Thursday, April 7, 2016

A new snapper: Lutjanus sapphirolineatus

Lutjanus is a genus of snappers found in the Atlantic, Indian and Pacific Oceans. As most snappers they are predatory fish usually found in tropical and subtropical reefs, and mangrove forests.

The new species from Somalia and Oman is named “sapphirolineatus” with reference to the diagnostic character of four blue stripes on its body.

For the experts: Lutjanus octolineatus (Cuvier 1828), previously considered a junior synonym of Lutjanus bengalensis (Bloch 1790), is shown to be a valid species and lectotypes are designated. Both species are redescribed. The two species have overlapping distributions in the Indian Ocean, but are clearly separable by different dorsal-fin spine counts, blue-striped pattern on the body and the presence or absence of a subocular extension of cheek scales. Lutjanus octovittata (Valenciennes 1830), formerly assigned to synonymy of L. bengalensis, is considered a junior synonym of L. octolineatus based on examination of the holotype. Lutjanus sapphirolineatus n. sp., a species formerly misidentified as L. bengalensis, is described based on 10 specimens from Oman and Somalia. The new species differs from the three species above by a combination of different
characters. Analysis of the mitochondrial cytochrome c oxidase subunit 1 (CO1, 603 bp) genetic marker, also strongly supports the validity of each species of the blue-striped snapper complex as distinct.

Wednesday, April 6, 2016

A new dragon millipede: Desmoxytes laticollis

Millipedes are often found under mulch, piles of dead leaves, or under piles of grass clipping. They thrive in places where the soil stays damp. There they eat dead leaves and decaying wood particles that they find.

In the fall, millipedes often migrate. They move out of their normal habitat. Researchers suspect they may be trying to get ready for winter. However, they have also been seen migrating after a heavy rain has flooded their habitat. During these migrations, millipedes often find their way into our homes.

A good number of millipede species are well adapted to live in caves, e.g. the dragon millipedes of the genus Desmoxytes. It's species show a dragon-like appearance, with strongly wing-, spine- or antler-shaped extensions of the body wall.

Today's new species is one of six recently discovered ones from caves in China. The name refers to the width of the first segment behind the head of the animal.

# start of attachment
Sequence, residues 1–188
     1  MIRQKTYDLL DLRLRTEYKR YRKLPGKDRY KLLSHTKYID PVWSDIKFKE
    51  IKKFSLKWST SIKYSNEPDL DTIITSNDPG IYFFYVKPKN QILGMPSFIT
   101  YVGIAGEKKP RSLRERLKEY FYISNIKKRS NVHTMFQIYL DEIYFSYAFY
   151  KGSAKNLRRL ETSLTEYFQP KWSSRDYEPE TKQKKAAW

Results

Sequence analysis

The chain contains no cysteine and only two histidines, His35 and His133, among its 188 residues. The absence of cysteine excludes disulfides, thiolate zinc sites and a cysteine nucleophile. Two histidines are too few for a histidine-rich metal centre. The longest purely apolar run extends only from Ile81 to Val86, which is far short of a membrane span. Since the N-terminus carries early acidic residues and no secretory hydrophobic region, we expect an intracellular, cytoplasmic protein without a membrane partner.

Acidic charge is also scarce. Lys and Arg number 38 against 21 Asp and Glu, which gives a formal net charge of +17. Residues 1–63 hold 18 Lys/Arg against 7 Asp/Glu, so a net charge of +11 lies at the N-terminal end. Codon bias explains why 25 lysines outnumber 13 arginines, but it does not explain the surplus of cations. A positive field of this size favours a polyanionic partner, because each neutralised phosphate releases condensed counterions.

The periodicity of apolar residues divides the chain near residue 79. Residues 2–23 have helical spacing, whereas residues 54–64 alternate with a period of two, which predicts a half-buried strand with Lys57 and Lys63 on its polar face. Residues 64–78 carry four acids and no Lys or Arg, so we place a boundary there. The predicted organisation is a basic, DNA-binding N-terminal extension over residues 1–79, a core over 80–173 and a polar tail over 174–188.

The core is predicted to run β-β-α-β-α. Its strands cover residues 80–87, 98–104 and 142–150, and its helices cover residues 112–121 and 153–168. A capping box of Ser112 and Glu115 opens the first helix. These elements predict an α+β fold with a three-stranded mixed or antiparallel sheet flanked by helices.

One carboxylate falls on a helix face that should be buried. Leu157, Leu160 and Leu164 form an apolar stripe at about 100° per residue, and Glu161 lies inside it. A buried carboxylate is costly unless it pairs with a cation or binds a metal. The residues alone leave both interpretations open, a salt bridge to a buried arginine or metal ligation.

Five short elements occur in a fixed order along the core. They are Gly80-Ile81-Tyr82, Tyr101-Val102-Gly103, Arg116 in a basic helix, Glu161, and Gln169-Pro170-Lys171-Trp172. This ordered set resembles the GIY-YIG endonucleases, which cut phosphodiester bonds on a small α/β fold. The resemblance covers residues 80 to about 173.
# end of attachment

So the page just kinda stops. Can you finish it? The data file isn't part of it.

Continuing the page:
For the experts: Six new species of Desmoxytes are described from southern China: D. laticollis sp. n., D. simplipoda sp. n., and D. similis sp. n., all three from caves in Guangdong Province; D. phasmoides sp. n. also from a cave, and both epigean D. spiniterga sp. n. and D. variabilis sp. n., the latter trio from Guangxi Zhuang Autonomous Region. A modified key to all 20 Desmoxytes species currently known to occur in China is given.

Monday, April 4, 2016

A new treehopper: Selenacentrus wallacei

Treehoppers are found on all major landmasses except Antarctica and Madagascar. Numbering about 3,500 species in 300 genera, they are divided into three families. All treehoppers feed on plant sap by sucking it out with piercing mouthparts. Some species exude sweet honeyde" from excess consumed sap, which they share with ants in a mutualistic relationship, the ants feeding on the honeydew and protecting the treehoppers from predators. Some treehoppers are also known to form mutualistic relationships with wasps and bees.

The new genus Selenacentrus was named after the singer Selena Quintanilla, who was known as the "Queen of Tejano Music." The new species is called wallacei in honor of Matthew S. Wallace, a biology professor from East Stroudsburg University.

For the experts: A new treehopper genus Selenacentrus (Membracidae: Centrotinae), and new species, S. wallacei, from the southwestern United States and northern Mexico, are described and illustrated. This genus lacks key characteristics of currently recognized New World centrotine tribes including the dorsoapical and ventral lobes of the male lateral plate and cucullate setae of the mesothoracic femora (characteristic of the Boocerini). It also lacks the additional m-cu crossvein and broadened second valvulae characteristic of Platycentrini. The narrow, curved second valvulae, with prominent dorsal teeth, and lateral exposure of the scutellar apices resemble those of some endemic Antillean centrotines (Monobelini, Nessorhinini); however, Selenacentrus differs from these groups in characters of the forewing and male genitalia.